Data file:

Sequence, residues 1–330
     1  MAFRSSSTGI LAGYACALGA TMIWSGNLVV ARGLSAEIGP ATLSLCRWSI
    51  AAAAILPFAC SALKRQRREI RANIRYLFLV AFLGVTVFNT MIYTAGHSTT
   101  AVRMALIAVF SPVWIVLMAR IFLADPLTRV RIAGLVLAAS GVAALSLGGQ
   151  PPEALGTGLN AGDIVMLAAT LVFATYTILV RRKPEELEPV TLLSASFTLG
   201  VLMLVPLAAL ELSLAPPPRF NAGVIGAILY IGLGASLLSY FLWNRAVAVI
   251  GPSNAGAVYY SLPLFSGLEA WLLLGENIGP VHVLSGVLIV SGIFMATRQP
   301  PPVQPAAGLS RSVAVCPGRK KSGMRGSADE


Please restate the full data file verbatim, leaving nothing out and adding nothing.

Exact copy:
Sequence, residues 1–330
     1  MAFRSSSTGI LAGYACALGA TMIWSGNLVV ARGLSAEIGP ATLSLCRWSI
    51  AAAAILPFAC SALKRQRREI RANIRYLFLV AFLGVTVFNT MIYTAGHSTT
   101  AVRMALIAVF SPVWIVLMAR IFLADPLTRV RIAGLVLAAS GVAALSLGGQ
   151  PPEALGTGLN AGDIVMLAAT LVFATYTILV RRKPEELEPV TLLSASFTLG
   201  VLMLVPLAAL ELSLAPPPRF NAGVIGAILY IGLGASLLSY FLWNRAVAVI
   251  GPSNAGAVYY SLPLFSGLEA WLLLGENIGP VHVLSGVLIV SGIFMATRQP
   301  PPVQPAAGLS RSVAVCPGRK KSGMRGSADE